Some food trends fade faster than you can say "goji berry," but others have real staying power and can add dimension to our diets for the long haul. Here are several healthy foods worth paying attention to - I predict not only that you'll be seeing more of them in 2016, but they also have what it takes to stick around.
Search #matcha on Instagram and you get nearly a million posts, from muffins and ice cream to smoothies and lattes, all bearing the vibrant grassy hue of the Japanese tea. Matcha is made from green tea leaves, which are ground into a powder, then whisked into a liquid such as water or milk and served as a beverage or added to foods. With matcha you consume the whole tea leaf, whereas with regular green tea the leaves are steeped in water and then discarded.
Matcha is extremely rich in catechins, the active compounds found in green tea that are known to have beneficial health properties, and it adds a stunning colour to all it touches. It hasn't been studied well enough to confirm that it is significantly better for you than other types of green tea, and it's not magic - adding it to cakes and macaroons doesn't make those foods healthy - but it is an easy, appealing and different way to get healthy green tea into your life. Keep in mind that it does contain caffeine: cup for cup about half as much as a brewed coffee and twice that of black tea. Next time you grab a latte at your local coffeehouse, try making it a matcha. But, as with any latte, get it unsweetened (or just lightly sweetened), and go for low-fat milk to keep it in the healthy zone.
Seeds, in general, are nothing new, but the varieties on the market and the ways we are using them have exploded. In addition to the longtime favorites - sunflower, sesame and pumpkin seeds - flax came on the scene, and now there are chia and hemp, too. (More on hemp in a minute.) Seeds are prominently featured in new formulations of energy bars, crackers, cereals and granola; they are available ground into flours and mixed into smoothies; you can buy packages of roasted watermelon seeds (which are delicious!); and more cooks are roasting the seeds from their butternut squash instead of throwing them away.
I attribute this new popularity to the fact that seeds are part of almost any eating plan, from vegan to paleo. They are gluten-free, and many people with nut allergies can use them to substitute for nuts in recipes. Plus, they are a nutritional powerhouse, packed with healthy fat, fiber, essential minerals and protein. Seeds may be small in size, but they are a big deal this year and probably beyond.
Hemp is a seed, but it's in a class of its own, having a presence in almost every aisle at my local Whole Foods market. Not only can you buy the seeds, called hemp hearts, to sprinkle on cereal or yogurt, or bake into muffins and bars, but shelves are stocked with hemp milk, hemp oil and countless products made with the nutritious seed. Once fringe and even banned from production in the United States because of the plant's relation to marijuana, hemp is now as common as flax on the labels of granola, cereals and bars. Don't worry (or should I say, don't be sorry?), hemp foods don't get you high - hemp has only trace amounts of THC - and it is now legal to grow it industrially in many states. Hemp offers a wealth of nutritional benefits, including healthy fats and high-quality protein. My guess is that you'll be seeing a lot more hemp products down the pike.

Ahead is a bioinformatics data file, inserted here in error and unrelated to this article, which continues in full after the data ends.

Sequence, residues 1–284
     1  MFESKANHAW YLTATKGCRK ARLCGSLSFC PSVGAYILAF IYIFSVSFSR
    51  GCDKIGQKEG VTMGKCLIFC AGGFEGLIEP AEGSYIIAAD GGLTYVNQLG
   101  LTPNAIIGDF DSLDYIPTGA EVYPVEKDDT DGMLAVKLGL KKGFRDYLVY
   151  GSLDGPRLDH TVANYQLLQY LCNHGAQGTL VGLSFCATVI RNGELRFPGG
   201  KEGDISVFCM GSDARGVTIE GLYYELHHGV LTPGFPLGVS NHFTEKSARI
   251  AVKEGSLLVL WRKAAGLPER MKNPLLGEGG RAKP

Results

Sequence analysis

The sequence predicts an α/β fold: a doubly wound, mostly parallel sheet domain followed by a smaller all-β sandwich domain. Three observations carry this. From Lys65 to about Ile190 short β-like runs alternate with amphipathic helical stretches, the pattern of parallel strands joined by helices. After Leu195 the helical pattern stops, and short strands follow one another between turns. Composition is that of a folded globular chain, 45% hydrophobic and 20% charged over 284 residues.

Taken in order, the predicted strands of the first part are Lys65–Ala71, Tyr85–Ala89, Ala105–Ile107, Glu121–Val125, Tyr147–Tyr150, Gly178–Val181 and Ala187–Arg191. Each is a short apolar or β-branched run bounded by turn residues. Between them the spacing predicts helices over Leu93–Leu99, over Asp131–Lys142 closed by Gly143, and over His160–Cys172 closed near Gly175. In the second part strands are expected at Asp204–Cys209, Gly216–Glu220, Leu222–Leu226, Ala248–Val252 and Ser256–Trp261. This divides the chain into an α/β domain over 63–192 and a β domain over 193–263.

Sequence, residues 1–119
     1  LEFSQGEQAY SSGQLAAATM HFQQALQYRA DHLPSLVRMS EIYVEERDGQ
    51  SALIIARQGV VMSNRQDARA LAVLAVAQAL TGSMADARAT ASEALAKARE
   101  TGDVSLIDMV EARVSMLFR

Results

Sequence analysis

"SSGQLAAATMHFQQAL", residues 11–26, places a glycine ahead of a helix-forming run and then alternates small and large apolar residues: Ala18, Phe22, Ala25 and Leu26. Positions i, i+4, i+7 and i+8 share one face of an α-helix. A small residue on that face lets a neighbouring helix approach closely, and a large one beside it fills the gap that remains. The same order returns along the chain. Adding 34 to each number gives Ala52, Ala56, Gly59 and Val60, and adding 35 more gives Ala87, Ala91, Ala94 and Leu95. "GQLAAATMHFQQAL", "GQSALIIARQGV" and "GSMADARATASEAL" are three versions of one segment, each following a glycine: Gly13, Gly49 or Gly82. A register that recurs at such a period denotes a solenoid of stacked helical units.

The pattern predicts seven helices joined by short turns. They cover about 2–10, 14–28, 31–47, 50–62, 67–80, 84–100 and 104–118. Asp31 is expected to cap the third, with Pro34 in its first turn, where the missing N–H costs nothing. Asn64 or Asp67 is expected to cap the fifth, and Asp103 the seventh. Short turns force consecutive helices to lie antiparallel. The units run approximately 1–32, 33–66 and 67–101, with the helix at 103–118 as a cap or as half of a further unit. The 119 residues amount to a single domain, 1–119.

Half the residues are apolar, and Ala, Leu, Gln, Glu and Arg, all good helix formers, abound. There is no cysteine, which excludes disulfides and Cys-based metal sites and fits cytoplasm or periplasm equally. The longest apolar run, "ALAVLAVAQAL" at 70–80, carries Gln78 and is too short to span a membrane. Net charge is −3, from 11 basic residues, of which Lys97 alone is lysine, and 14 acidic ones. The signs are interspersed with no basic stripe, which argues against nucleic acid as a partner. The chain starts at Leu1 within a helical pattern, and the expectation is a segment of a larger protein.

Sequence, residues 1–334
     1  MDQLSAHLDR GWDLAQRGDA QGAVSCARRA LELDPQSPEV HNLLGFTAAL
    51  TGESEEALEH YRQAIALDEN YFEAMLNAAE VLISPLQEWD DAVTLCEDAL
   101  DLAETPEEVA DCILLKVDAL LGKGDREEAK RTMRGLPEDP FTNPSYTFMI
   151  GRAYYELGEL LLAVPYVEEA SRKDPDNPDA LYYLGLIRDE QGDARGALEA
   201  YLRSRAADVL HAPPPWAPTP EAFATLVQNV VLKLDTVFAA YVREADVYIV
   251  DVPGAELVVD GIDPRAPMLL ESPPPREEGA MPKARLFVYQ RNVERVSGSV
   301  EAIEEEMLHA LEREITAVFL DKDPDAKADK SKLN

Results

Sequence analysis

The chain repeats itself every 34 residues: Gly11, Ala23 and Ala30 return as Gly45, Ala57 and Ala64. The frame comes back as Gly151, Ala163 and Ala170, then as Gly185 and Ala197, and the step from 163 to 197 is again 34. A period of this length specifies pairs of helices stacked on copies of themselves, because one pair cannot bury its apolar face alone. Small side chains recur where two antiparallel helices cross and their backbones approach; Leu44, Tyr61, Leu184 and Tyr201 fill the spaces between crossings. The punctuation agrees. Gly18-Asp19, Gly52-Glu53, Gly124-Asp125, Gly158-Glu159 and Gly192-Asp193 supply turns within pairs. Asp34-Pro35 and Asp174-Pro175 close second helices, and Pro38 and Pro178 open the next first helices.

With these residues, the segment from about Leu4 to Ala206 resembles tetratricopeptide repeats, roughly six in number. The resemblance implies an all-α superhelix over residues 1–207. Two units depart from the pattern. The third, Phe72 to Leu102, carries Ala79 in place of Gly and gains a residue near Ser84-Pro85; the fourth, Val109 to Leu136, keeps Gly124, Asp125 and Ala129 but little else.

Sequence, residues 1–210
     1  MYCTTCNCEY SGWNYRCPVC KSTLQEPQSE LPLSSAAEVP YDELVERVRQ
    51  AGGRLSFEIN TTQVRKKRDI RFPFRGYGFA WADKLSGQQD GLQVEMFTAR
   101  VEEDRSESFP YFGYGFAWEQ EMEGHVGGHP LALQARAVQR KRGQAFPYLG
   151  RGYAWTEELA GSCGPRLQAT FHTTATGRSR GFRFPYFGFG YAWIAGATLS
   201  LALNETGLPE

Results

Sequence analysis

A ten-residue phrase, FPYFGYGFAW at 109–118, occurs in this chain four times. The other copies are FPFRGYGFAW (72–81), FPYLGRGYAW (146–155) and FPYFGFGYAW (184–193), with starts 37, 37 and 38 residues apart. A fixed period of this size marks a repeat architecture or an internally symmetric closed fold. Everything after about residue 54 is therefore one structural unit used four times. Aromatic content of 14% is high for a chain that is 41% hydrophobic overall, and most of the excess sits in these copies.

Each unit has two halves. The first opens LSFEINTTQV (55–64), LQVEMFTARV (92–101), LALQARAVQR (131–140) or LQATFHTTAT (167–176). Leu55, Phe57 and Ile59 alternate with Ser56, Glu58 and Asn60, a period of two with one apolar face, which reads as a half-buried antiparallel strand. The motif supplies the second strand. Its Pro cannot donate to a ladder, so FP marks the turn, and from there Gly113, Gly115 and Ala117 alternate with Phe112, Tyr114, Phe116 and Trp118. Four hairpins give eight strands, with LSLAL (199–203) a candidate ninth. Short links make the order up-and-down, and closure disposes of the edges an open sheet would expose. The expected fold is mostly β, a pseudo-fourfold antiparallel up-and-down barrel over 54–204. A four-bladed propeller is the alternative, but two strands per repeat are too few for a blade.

Not long ago, the only sauerkraut you could buy in an average grocery store was limp, grayish stuff that came from a can and tasted mostly like vinegar. Now kraut is having a renaissance, thanks to our newfound understanding of the health benefits of fermented foods and the good bacteria (probiotics) they supply. Sauerkraut, which is fermented cabbage, naturally contains these valuable probiotics, but the heating process that makes it shelf-stable destroys them and impacts the kraut's taste and texture. Enter unpasteurized or raw kraut now found in the refrigerated section in most grocery stores from small-batch local producers and quality national players. They are brimming with healthy probiotics and have a snappy texture and bright, tart flavor that open your eyes to how good kraut can be. Don't just use it on hot dogs and sausages; kraut is delicious with any roasted meat or poultry, alongside roasted potatoes or piled on a grilled cheese or turkey sandwich.
My first taste of sorghum was an "aha!" moment. I felt as if I had discovered something new, exciting and different. The dish I tried was a salad, in which cooked, chilled whole-grain sorghum was tossed with herbs and chopped vegetables in a light vinaigrette. The hearty, BB-pellet-size grain was tender and mild with a pleasant chew and sturdiness that promised no sogginess and made it an ideal canvas for the other flavors in the salad.
Although it's new to me, this ancient grain has been a key ingredient in Africa for centuries, and it's gaining popularity in the United States. The same qualities that have made it such a long-standing staple also make it ideal for modern times: It is a naturally drought-tolerant grain that is gluten-free, nutrient-rich and incredibly versatile. Not only can you use it in salads and pilafs, you can also pop the whole grain the same way you pop corn! Sorghum flour also makes a good gluten-free flour substitute in many recipes. So make room on your shelf next to the quinoa for this up-and-comer.
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Krieger is a registered dietitian, nutritionist and author of You Have It Made: Delicious Healthy Do-Ahead Meals.